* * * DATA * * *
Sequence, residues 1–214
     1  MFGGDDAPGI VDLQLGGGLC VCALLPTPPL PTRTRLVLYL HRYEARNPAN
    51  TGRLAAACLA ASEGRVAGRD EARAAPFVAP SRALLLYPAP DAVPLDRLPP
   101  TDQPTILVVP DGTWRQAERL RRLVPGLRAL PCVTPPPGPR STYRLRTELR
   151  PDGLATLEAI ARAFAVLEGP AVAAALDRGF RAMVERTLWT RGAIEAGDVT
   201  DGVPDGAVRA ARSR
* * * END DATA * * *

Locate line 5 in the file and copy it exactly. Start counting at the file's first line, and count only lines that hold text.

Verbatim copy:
   151  PDGLATLEAI ARAFAVLEGP AVAAALDRGF RAMVERTLWT RGAIEAGDVT